One of the problems is that the spots fall off the fish, and one then think that the fish are cured - only to have the spots come back in vastly increased numbers after a few days. This is not always the case, and if your tank contains the right types of C. irritans predators (filter feeders, micro organisms living in a deep sand bed, etc...) the outbreak could just fizzle out, and the fish could fully recover - this has happened to my tank a few times in the past.

IMHO you should assume the worst, and prepare for it now:
  • Start making new salt water to use for partial water changes, if necessary, and for setting up a quarantine tank.
  • Set up a quaranteen tank large enough to house all your fish - if they get worse, you will have to catch them all, and transfer them to the Q-tank.
  • Only half fill the Q-tank at this point in time. If you need to treat the fish, you should move them all to the Q-tank, and then slowly add RO water, thus reducing the salinity of the water. Ensure that the water is well buffered (8-10 dKH).
  • Set up a canister filter, fluidised bed filter, etc. as soon as possible to allow for some maturation before you have to move the fish. If this is not possible, you should do large (30% - 50%) water changes every day or two to keep pollutant levels low.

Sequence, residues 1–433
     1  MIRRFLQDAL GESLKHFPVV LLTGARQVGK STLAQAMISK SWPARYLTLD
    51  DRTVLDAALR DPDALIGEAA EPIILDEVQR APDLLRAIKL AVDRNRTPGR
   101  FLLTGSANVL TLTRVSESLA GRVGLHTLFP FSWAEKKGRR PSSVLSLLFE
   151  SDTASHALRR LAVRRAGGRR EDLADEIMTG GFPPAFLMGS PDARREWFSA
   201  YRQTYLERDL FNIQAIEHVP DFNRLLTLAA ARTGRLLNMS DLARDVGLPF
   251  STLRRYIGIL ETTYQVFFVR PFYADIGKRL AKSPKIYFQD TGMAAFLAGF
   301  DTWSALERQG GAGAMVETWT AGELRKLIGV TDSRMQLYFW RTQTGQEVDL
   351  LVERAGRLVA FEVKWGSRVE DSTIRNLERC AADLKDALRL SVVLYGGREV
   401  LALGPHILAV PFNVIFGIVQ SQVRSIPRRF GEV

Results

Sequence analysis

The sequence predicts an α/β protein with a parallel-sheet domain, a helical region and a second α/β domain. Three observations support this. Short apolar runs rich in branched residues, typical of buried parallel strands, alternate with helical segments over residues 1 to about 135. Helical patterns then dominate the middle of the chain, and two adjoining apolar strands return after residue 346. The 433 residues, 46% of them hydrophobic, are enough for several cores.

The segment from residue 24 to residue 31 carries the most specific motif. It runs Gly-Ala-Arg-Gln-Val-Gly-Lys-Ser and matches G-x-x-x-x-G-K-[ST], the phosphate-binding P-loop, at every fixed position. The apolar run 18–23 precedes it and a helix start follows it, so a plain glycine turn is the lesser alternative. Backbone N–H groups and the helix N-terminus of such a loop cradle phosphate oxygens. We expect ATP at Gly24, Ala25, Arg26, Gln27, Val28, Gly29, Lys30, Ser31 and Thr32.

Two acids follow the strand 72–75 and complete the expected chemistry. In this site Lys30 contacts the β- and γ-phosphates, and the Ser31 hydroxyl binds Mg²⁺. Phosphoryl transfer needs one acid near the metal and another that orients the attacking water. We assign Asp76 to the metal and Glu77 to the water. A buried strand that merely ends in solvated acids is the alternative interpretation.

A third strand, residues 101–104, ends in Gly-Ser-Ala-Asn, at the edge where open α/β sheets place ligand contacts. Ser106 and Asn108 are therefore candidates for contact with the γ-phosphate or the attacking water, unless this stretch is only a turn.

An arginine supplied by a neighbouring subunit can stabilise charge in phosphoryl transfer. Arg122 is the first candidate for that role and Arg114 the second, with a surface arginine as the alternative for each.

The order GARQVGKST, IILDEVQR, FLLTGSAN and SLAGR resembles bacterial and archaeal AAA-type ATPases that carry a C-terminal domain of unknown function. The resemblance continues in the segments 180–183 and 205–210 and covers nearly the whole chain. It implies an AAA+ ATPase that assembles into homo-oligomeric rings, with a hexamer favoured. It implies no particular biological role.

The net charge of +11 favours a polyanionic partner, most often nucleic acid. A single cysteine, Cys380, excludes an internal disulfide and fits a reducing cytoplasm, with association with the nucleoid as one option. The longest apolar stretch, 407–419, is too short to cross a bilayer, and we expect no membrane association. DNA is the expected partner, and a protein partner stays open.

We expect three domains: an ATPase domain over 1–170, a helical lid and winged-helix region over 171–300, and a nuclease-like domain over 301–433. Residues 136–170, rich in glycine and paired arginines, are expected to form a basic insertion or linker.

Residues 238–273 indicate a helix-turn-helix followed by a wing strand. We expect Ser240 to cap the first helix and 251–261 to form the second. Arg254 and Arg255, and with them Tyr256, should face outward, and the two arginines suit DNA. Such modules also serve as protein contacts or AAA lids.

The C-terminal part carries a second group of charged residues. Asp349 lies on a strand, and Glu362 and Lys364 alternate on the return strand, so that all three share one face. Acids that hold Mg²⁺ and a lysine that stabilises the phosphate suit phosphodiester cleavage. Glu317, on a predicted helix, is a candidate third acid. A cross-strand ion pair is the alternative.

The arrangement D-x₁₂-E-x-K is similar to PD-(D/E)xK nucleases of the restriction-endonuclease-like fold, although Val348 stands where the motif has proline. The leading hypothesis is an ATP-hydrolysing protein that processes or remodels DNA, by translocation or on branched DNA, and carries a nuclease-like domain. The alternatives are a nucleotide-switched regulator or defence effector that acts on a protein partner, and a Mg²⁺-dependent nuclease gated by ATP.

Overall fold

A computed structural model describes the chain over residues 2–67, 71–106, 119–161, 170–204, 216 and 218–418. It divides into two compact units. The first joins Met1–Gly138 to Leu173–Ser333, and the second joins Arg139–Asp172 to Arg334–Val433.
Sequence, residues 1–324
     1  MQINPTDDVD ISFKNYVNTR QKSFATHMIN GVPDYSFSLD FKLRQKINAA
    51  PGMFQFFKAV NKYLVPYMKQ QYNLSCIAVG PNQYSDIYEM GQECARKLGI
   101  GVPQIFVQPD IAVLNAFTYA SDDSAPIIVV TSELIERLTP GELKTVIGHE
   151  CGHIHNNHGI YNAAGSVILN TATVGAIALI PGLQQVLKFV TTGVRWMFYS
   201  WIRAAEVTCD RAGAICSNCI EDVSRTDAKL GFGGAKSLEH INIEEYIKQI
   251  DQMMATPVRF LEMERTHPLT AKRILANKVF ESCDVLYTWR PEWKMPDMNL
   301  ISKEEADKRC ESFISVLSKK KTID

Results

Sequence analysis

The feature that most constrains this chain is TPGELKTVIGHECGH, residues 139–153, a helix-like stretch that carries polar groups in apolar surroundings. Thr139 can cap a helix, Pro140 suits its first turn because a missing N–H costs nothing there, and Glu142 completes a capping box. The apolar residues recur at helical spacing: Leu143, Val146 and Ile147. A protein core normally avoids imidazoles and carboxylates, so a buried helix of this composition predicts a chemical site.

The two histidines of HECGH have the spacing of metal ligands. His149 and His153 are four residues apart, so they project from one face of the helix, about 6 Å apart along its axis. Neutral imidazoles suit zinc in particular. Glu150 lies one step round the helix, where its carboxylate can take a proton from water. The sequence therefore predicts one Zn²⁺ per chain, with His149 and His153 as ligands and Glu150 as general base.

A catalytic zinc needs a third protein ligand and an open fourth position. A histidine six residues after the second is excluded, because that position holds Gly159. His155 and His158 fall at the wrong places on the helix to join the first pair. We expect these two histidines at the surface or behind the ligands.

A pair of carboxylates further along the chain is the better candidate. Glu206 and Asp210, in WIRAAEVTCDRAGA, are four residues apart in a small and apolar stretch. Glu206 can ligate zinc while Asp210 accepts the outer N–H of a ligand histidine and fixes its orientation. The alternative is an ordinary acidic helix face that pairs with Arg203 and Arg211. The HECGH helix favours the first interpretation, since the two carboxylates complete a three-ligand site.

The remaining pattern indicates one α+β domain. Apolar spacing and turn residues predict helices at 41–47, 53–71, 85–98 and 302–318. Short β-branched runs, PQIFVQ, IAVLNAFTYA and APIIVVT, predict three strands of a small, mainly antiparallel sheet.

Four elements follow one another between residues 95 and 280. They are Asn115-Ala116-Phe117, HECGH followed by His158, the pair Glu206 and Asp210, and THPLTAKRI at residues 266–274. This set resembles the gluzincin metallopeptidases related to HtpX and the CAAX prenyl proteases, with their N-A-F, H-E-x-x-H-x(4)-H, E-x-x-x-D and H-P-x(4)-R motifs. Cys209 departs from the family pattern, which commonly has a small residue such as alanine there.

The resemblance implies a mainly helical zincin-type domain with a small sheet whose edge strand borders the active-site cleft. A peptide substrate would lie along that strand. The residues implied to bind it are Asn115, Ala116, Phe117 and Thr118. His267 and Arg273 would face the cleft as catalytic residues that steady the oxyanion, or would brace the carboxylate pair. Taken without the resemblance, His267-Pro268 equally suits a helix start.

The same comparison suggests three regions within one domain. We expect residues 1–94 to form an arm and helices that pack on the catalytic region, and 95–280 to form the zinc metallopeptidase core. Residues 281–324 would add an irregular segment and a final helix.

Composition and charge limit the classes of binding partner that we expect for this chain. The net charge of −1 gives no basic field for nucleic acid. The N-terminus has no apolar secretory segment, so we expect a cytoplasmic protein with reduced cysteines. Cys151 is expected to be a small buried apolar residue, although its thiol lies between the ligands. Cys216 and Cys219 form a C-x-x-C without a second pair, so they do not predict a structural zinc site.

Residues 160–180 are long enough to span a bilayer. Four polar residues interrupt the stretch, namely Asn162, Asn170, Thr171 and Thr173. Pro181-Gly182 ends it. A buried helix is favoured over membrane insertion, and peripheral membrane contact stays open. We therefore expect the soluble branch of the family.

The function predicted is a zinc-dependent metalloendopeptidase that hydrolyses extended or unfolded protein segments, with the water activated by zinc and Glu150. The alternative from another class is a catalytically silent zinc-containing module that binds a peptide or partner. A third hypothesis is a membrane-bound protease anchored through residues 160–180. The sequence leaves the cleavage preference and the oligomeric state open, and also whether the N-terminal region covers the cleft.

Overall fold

• If you feel the fish won't survive without treatment, you should catch them in the evening, move them to the Q-tank, and keep the lights of the Q-tank dimmed during the next few weeks, whilst treating the fish.
  • Hypo-saline treatment alone is quite sufficient to treat for C. irritans - you don't need to use any copper of other medicines. Keep the fish in the reduced salinity water for at least 21 days (28 days would be better...), and SLOWLY increase salinity at the end of the treatment period. The best way to do this is to replace evaporated water with full-strength salt water, instead of RO water, every day until the correct salinity is reached.